Eleventh District rejects trial court's attempt to manipulate sentencing on remand.Read More
Ohio Supreme Court affirms the OVI Habitual Offender Specification found in the R.C. 2941.1413.
March 22, 2016
Klembus was sentenced to one year for a Fourth Degree Felony OVI and one year for the repeat-OVI specification, to be served consecutively. He appealed, and the Eighth District agreed, holding that the repeat OVI offender specification violated equal protection because OVI penalty and the specification require identical proof yet impose different penalties. Subsequently, the First, Second, Third, Eleventh, and Twelfth Districts rejected the Eighth District opinion.
The Ohio Supreme Court reversed the Eighth District, and in upholding the specification reasoned, "The possibility of longer prison sentences for those who continue to violate Ohio's OVI statute is rationally related to the state's legitimate interest in punishing offenders and protecting the public from the dangers of impaired driving."
The 9th District avoids an evaluation of the constitutionality of the OVI repeat offender specification by holding the trial court erred in granting motions to dismiss, before the defendants were found guilty of or sentenced to the specification.Read More
The 11th District holds that the OVI repeat offender specification is Constitutional and the only grounds to challenge prior convictions must be based on a lack of counsel, while the 12th District holds that the speedy trial clock for subsequent OVI charges based on chemical tests does not begin to run at the time of the original OVI charge.Read More
The Second District joins the Third, Eleventh, and Twelfth Districts in rejecting an equal protection challenge to the OVI Repeat Offender Specification statute, while the Eighth District's opinion finding an equal protection challenge is awaiting review with the Ohio Supreme Court.Read More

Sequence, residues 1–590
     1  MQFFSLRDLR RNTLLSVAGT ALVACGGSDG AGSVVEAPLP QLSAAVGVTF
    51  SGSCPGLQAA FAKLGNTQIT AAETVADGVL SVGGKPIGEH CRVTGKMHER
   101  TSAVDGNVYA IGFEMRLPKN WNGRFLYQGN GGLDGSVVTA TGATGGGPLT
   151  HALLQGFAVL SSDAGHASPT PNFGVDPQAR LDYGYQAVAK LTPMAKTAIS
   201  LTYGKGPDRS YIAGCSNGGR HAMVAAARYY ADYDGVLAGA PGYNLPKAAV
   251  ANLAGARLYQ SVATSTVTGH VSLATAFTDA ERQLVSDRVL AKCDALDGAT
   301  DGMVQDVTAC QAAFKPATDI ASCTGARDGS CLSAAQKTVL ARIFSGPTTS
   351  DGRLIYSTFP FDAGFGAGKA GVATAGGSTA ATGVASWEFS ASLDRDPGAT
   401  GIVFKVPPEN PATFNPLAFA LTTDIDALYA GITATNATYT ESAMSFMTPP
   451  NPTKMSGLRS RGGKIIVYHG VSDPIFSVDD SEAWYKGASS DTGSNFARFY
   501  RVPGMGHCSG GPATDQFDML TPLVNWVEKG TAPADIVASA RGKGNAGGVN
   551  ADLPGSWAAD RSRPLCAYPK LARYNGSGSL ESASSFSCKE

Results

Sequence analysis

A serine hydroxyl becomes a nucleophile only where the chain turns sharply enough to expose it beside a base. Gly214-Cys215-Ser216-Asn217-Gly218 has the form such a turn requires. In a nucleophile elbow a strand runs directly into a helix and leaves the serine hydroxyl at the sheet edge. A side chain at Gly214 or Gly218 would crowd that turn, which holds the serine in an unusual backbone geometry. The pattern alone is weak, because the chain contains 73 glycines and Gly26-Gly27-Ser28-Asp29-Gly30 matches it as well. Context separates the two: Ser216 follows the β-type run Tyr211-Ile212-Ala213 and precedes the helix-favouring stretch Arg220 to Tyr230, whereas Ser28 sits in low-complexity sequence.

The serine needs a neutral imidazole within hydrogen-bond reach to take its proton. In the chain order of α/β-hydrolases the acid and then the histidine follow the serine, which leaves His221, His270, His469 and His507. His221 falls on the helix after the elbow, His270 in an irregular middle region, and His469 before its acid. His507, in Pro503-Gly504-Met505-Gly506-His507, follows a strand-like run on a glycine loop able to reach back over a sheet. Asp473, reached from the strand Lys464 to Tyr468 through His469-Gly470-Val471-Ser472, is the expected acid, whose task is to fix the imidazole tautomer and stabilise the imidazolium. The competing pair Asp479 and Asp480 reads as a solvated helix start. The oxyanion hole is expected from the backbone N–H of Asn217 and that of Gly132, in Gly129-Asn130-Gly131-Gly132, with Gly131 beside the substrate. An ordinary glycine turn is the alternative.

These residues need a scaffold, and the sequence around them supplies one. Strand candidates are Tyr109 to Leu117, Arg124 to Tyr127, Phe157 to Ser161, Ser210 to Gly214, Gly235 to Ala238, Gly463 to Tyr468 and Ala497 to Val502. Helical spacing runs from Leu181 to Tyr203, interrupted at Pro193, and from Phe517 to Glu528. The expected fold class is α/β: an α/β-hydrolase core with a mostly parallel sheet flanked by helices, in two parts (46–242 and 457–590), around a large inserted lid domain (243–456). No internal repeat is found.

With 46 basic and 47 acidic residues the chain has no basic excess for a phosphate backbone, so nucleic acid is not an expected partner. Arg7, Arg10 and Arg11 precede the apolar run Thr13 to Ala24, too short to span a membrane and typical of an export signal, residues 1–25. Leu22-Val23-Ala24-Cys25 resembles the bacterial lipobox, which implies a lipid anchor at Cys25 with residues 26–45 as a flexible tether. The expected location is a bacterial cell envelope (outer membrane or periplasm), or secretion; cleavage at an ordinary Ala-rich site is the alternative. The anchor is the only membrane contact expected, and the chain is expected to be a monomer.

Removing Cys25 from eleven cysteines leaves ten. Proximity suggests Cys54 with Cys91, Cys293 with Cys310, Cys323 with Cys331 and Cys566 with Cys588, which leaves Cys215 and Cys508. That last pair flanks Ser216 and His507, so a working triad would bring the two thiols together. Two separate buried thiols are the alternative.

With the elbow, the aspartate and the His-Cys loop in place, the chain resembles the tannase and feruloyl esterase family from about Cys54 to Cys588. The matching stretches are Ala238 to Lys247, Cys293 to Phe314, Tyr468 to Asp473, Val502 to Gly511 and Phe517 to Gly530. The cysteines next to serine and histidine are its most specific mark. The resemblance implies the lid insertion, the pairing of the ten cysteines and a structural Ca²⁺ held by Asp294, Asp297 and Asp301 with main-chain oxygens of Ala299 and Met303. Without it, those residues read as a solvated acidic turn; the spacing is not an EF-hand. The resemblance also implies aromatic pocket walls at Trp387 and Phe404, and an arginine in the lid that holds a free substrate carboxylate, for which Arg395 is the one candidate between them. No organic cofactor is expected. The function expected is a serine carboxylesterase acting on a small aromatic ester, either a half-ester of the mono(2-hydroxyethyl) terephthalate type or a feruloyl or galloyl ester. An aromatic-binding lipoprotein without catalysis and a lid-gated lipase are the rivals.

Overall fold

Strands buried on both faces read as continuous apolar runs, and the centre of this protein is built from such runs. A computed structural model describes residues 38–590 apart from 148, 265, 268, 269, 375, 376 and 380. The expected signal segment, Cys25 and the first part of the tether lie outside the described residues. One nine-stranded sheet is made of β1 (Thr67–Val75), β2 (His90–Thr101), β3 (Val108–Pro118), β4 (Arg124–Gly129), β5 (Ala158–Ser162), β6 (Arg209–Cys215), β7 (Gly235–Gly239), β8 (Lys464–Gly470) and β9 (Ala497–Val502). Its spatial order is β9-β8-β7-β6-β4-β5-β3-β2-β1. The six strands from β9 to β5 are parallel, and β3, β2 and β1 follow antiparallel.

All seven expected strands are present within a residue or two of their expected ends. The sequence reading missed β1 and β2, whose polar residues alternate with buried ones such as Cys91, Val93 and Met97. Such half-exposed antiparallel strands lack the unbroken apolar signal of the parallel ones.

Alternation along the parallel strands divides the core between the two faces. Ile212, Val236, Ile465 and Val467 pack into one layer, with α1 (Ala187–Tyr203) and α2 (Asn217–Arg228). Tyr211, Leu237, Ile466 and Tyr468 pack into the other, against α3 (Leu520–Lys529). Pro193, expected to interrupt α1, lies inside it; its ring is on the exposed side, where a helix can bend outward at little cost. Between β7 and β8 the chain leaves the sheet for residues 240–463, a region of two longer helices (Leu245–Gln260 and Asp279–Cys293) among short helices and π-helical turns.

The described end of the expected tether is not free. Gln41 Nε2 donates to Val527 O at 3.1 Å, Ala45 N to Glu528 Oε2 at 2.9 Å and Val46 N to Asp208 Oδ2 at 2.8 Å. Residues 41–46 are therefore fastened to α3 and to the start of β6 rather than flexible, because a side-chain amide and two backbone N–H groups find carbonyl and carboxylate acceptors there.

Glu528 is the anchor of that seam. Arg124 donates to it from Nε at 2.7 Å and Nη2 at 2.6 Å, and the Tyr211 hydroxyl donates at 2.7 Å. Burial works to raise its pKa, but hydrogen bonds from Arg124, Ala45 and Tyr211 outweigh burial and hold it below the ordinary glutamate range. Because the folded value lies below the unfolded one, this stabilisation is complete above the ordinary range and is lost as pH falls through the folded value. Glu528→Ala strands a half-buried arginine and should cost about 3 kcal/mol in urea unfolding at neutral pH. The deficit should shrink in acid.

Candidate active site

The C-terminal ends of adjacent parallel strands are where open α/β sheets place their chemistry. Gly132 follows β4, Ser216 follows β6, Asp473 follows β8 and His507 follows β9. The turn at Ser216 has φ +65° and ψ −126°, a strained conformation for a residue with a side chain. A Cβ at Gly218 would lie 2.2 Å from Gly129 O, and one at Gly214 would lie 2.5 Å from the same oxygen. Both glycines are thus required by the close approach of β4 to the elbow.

The 5th District holds that a police officer can detain a driver after an alleged hit and skip even when there is no obvious damage to the vehicles, and a person refuses a urine test when only attempting to provide a sample for 5 minutes without asking to try again; the 10th District rejects a constitutional challenge to the per se marijuana OVI statute; the 5th District concludes there is reasonable suspicion to conduct field sobriety tests when there are driving violations, eyes were bloodshot and glassy, there was an odor of alcohol coming the vehicle and the defendant outside of the vehicle, it was 11:35 p.m. on a Friday evening, and the defendant admitted to just leaving a bar; and the 11th District uses res judicata to reject constitutional challenges to the OVI specification when brought on a motion for post-conviction relief.Read More
The 1st District overturns a high tier conviction OVI conviction because it had been improperly amended from a low tier charge, the 12th District confirms that OVI and aggravated vehicular homicide charges need not be merged, the 11th District holds that the repeat OVI offender specification does not violated the Constitution, and the 12th District holds that tampering with drugs is not a crime when it is done during an impaired driving/bar fight investigation.Read More
The 8th District reaffirms that the maximum sentence for a third-degree felony OVI without a specification conviction is 3 years while the 5th District holds there is reasonable suspicion to stop a bicyclist who rides in the middle of the road, then rides into an OVI checkpoint, but jumps out of the checkpoint by riding his bicycle over the curb and on to the sidewalk.Read More